Shared from the 4/1/2018 Faith eEdition

CAM looks to its future

Agency wants to be gateway to downtown renovation

Alma E. Hernandez / For the San Antonio Express-News

A whiteboard shows Christian Assistance Ministry’s mission statement for volunteers.

Alma E. Hernandez / For the San Antonio Express-News

Rosa Munoz Castaneda shops for clothes in the women’s pantry at Christian Assistance Ministry. The pantry provides two complete outfits and other items for the homeless.

Courtesy photo

CAM was started by nine churches 41 years ago on the corner of McCullough Avenue and U.S. 281.

Alma E. Hernandez / For the San Antonio Express News

Lucy Wilson, a Christian Assistance Ministry volunteer, sorts food orders in the food pantry.

Alma E. Hernandez / For the San Antonio Express-News

Timothy Wright, a staffer at Christian Assistance Ministry, assists Jerry Castoreno with his bills.

Dawn White-Fosdick, executive director of Christian Assistance Ministry, doesn’t have to reach far for her favorite Bible verse this Easter.

It’s from Leviticus and serves as a motto for a ministry that operates as the city’s emergency room for social services, she says.

“When you harvest the crops on your land,” the verse begins, “do not cut all the way to the corners of your field. Don’t pick up the grain that falls on the ground. Leave it for the poor.”

CAM was started by nine churches 41 years ago on the corner of McCullough Avenue and U.S. 281, where it has been sharing what’s left of the harvest since then.

Its headquarters, a cluster of old buildings donated by Grace Lutheran Church, near a highway exit was not a busy spot until recently. Now cars drive past on their way to and from the Tobin Center and The Pearl. It’s blocks from CPS Energy’s new headquarters and GrayStreet Partners’ redevelopment of the San Antonio Light building.

That can be a precarious place for a ministry that serves 50,000 people a year; among them the homeless, poor, working poor, women escaping domestic violence with their children; veterans, people with mental health issues, and more.

Most arrive on foot, as did John David Simpson, 55, a veteran who came out of jail to Haven for Hope and had an expired state ID. He walked away with a check to pay the state for a new one. You can’t apply for a job without one.

Diana Trujillo, CAM’s social services director, says people arrive at CAM for help with a utility bill, getting a birth certificate, an ID, aid to get a prescription or simply food and clothes.

“A lot of them are homeless but don’t want to be called homeless, so we’re careful with that,” she said.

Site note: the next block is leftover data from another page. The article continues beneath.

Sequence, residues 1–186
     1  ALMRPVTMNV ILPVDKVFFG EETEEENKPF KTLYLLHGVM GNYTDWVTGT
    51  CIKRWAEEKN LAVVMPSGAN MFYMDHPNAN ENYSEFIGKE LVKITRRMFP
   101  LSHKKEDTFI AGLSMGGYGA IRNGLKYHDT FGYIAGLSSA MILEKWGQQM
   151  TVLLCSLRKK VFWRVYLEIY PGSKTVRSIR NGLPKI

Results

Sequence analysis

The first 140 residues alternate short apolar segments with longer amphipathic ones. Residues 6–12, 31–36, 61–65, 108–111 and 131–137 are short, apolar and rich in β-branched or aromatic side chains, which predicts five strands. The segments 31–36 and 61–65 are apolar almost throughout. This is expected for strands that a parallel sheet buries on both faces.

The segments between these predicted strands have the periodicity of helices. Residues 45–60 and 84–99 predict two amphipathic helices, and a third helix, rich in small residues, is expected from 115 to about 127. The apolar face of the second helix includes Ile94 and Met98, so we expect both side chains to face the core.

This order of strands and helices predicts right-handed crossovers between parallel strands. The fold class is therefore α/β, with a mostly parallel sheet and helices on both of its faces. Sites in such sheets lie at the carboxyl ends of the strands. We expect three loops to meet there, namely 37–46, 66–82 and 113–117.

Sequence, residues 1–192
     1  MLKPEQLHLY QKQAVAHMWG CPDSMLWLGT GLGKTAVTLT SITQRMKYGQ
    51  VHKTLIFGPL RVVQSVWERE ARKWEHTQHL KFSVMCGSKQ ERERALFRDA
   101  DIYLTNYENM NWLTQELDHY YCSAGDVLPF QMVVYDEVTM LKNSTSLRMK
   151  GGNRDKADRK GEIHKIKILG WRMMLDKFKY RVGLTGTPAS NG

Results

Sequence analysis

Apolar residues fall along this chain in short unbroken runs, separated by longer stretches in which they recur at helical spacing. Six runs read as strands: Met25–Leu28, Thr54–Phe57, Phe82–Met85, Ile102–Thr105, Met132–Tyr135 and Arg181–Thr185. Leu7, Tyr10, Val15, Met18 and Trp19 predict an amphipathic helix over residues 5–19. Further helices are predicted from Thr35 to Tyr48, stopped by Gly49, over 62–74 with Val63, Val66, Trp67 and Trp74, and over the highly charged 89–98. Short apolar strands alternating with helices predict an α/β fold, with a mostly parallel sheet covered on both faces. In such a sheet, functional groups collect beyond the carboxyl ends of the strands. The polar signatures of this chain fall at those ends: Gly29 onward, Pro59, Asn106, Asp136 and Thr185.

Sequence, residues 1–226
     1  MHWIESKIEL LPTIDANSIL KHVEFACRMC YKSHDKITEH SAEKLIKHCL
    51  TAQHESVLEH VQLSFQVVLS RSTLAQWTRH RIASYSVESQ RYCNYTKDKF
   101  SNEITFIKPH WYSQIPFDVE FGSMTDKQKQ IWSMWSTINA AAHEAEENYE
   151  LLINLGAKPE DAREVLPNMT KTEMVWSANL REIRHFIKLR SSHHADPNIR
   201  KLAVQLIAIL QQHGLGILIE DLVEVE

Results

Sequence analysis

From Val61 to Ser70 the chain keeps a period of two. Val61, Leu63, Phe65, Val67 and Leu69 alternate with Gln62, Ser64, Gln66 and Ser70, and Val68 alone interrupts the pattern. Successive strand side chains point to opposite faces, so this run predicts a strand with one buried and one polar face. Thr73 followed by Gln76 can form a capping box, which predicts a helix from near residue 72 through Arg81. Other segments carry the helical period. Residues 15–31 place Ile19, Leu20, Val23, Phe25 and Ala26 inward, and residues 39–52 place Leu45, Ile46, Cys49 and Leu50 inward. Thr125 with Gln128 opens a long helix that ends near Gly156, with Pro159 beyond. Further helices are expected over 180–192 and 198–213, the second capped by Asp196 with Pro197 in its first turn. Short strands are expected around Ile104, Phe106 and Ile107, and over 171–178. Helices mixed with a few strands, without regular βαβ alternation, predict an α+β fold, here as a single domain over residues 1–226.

Eight years ago, CAM did its work “in the middle of nowhere,” no transformational downtown development in sight, said White-Fosdick.

“Now we’re in the middle of everywhere,” she said. “I didn’t want to wake up someday and hear people whisper, ‘What are we going to do about CAM?’ ”

So, she with others created the McCullough Avenue Consortium, a group of downtown churches, businesses, developers and CAM that have been meeting monthly for more than two years.

They’ve developed a set of guiding principles for improvements from signage and lighting to large-scale renovations.

CAM’s proposed $2.3 million improvement plan will happen in phases, as it raises funds or receives foundation grants. Only one project for pedestrian lighting, new sidewalks and public seating could entail public funding.

It will begin with a $65,000 project to replace its chain-link fence, to be finished by the end of April.

The agency next will install a new $30,000 playground area for the 14,000 children it serves annually; followed by a $50,000 new entrance for its client building with an accessible path and shaded waiting area.

CAM also will redo some signage.

Its biggest projects will come later, including one that will renovate its largest building, an unused, unheated, un-airconditioned warehouse that could be used for storage and large-scale projects that it now wastes volunteer time and space to accommodate in various spaces.

White-Fosdick says the improvements will benefit CAM’s clients, who will continue to be served at its headquarters; and its volunteers, as well as other members of the consortium who want to attract millennials interested in serving and giving where they live.

“We want to be a light, not a blight,” she said. “We want our new neighbors to view us as one of the reasons they want to live in this historic, urban area.”

Christians will go to church today “to learn about Christ’s life,” White-Fosdick said.

“What I see and share, as part of our mission, was his vision while he was here, to show us who his grace was for, and his love for the unlovable, or what we perceive as the unlovable.”

“For many people the Bible can be punitive and judgmental,” she said. “It really isn’t. It’s the opposite of that.” | Twitter: @ElaineAyala

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